Like everyone else, when I went into lockdown a year ago, I didn’t realise how it would affect my life. I was looking forward to working from home, but I wasn’t excited about giving up my dance classes. I was even less excited about the virus itself, so I suppose it could have been worse. But, we’ve all had to adjust right? To this new way of living and it has been interesting, to say the least!
Before I continue, I just want to state that I’m only here to share my personal journey. I’m not an expert nor am I here to convince anybody that exercise is THE solution, because it’s not. Plus, we’ve seen enough of that over the course of the pandemic. I respect that, while it may work for one, it does absolutely doesn’t work for the other – and that is okay!
For me, it’s another way of falling in love with myself and my body, which I never was before. So, if you’re interested in how I kept up my fitness spirits during these lockdowns, feel free to keep reading. Spoiler alert: everything wasn’t always coming up, Milhouse.
I didn’t have to face the terrible work situation I was in at the time. Plus I added more hours to my day without having to travel to/from the office. The fact that I could avoid facing strangers’ morning breath on the bus was nice a little extra. I used this extra time to keep myself in check by exercising to stay fit and strong. I’m also focussing on proper flexibility training – again.
Unfortunately, all these lockdowns paused my pole classes. Meaning that I can’t pole dance unless I am content with literally bringing the house down. And honestly, I would like my rental deposit back.
Instead, I’ve been using the leftover pole time for online classes and learning other dance styles. So far, I’ve learned twerk, dancehall, jazz, and commercial, apart from my usual hiphop and street dance. Am I good at any of them? Not really. But I’m proud of myself for learning/trying new things and hopefully hone my dancing skills.
Learning new dance styles has a positive effect on my brain. It teaches me to love HOW I dance rather than focusing on improvements or what I should look like. While the goal remains to develop my style further, it won’t work if I cannot appreciate what I have. So, love how you dance! FYI: these wise words have been brought to us by our amazing dancehall teacher Lucille.
It became quite frustrating to hear people tell me what was “not for me” or “not my style”. But people cannot be put in boxes. We all have layers, like ogres, onions, and Cordelia Chase.
For instance, I never thought I would be able to twerk. My tiny Asian butt may have increased en masse ever so slightly when I started exercising, but I hardly create an Earth shattering quake when I twerk. Besides, it’s so much more than that: it is a great workout for your abs, hips, and legs. There’s many ways you can incorporating twerk into your exercise routine. In the warm-up, have a full on twerkout or just have fun shaking your booty to some old school Ginuwine.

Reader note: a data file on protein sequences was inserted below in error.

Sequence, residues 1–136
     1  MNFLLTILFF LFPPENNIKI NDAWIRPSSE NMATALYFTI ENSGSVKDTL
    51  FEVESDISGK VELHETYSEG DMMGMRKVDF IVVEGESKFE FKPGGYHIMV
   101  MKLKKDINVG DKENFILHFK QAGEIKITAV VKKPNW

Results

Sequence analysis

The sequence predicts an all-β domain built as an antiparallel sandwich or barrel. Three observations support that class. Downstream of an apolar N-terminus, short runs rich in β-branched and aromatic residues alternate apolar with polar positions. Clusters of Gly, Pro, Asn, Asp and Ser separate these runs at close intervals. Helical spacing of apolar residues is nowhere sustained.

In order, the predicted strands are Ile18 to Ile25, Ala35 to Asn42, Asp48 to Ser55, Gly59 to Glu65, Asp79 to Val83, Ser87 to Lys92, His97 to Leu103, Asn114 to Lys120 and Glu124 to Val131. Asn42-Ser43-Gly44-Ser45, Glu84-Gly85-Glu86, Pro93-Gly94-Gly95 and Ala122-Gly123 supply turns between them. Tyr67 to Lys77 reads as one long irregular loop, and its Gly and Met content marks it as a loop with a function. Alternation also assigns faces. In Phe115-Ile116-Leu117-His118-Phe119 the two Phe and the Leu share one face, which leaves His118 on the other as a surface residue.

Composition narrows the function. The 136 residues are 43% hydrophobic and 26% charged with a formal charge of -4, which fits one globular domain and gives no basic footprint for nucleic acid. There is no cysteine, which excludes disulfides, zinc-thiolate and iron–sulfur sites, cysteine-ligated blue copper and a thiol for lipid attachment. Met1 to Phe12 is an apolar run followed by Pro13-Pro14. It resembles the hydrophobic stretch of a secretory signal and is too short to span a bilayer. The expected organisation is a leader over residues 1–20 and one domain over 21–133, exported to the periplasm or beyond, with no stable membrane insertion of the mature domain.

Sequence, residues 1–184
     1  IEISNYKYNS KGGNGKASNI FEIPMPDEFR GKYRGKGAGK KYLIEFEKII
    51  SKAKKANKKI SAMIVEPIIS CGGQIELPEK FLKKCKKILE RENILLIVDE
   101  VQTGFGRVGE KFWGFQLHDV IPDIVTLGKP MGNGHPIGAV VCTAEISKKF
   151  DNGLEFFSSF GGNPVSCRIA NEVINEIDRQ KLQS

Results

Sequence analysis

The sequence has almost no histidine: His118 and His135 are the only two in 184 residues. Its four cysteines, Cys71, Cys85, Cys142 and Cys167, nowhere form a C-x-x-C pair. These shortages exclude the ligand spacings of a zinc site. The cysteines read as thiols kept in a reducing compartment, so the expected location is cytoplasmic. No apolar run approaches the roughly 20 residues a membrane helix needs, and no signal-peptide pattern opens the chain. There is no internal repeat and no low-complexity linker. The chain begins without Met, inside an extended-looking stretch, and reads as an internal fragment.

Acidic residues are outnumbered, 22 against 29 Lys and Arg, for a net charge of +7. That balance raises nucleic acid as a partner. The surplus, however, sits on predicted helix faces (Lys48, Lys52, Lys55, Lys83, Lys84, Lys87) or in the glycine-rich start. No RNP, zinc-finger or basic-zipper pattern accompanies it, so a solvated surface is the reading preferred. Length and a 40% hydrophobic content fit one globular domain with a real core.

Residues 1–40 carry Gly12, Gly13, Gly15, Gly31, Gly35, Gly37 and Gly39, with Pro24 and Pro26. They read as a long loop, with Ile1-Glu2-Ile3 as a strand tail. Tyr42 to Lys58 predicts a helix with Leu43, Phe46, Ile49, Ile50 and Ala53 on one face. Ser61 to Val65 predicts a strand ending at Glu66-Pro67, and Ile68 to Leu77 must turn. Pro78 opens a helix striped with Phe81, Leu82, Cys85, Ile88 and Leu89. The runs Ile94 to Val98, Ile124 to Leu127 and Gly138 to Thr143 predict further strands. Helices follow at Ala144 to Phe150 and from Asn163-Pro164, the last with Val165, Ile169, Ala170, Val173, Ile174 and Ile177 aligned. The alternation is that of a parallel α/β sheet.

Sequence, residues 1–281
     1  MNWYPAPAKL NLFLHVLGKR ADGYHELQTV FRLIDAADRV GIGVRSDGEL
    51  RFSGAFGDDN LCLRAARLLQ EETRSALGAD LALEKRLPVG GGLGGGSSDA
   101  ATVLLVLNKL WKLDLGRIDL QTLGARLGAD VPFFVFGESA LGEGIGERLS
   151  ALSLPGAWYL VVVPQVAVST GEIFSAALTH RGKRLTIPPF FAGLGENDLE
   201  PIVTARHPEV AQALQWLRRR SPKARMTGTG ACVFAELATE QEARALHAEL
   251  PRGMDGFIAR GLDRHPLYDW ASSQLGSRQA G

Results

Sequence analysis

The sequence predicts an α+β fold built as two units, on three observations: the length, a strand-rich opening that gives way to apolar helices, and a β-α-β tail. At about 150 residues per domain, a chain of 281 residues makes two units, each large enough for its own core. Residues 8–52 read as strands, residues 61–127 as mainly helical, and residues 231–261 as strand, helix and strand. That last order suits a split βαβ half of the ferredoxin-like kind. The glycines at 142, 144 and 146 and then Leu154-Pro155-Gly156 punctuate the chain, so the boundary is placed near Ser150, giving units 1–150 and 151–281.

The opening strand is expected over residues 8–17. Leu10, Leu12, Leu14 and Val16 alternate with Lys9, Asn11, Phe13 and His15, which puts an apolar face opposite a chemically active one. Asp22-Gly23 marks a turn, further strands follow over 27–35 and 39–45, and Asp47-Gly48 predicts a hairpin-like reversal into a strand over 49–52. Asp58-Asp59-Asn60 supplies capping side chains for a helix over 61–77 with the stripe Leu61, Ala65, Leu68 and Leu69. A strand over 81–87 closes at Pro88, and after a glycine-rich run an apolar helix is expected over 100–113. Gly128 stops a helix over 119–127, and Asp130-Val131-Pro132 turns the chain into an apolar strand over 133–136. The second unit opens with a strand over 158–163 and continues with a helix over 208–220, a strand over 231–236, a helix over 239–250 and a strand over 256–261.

Dancehall is a beautiful and fun dance style from Jamaica. And I’d been intrigued by it for a while before taking my first class. When watching Lucille Aires’ videos, I’m just in awe at how she moves and how the style looks. I may lack the curves and the culture but finding my style through dancehall has been nothing but positive. Jazz requires precision, technique, and elegance; none of which I possess naturally, but I try to adapt some of that into my existing moves. Emphasis on ‘try’ in that sentence.
Sometimes, no matter how hard I try, my mood just doesn’t improve. The aftereffects can be quite detrimental as it undoes everything that I’ve built up. It’s because I get bothered by the lack of space and simply miss the social aspect that comes with a dance class. Even though I don’t have to fear my classmates getting a whiff of my sweaty ass.
On those days I do whatever suits my mood. I veg out on the couch, watch The Thick Of It for the umpteenth time and stuff my face with chocolate. It also helps to lose myself into a book or graphic novel. Do something more creative like painting or designing.
While it seems like I’m always active, I am not. I don’t partake in the unhealthy lifestyle of continuous productivity that’s hyped up on social media. Productivity means doing what’s good for you, which makes the term subjective. It doesn’t mean you constantly have to be ‘on’ and produce continuous results. We’re not robots: we get tired and we need rest! Continuously forcing yourself to produce results is inhuman. Resting is productive as well.
The important thing is to take care of yourself. Whether you’re twerking up a storm, dancing in an online class or in your makeshift kitchen-slash-nightclub – do what feels good for YOU.
And focus on your post-lockdown hopes and dreams, because this too shall pass! When I come out of this lockdown, I aim to be an ultra-flexible dancing queen. Ready to perform with JLo at her next world tour. But let’s hope lockdown will not take THAT long!
Until we can live our best IRL fantasies keep the tunes blaring and join us online every week.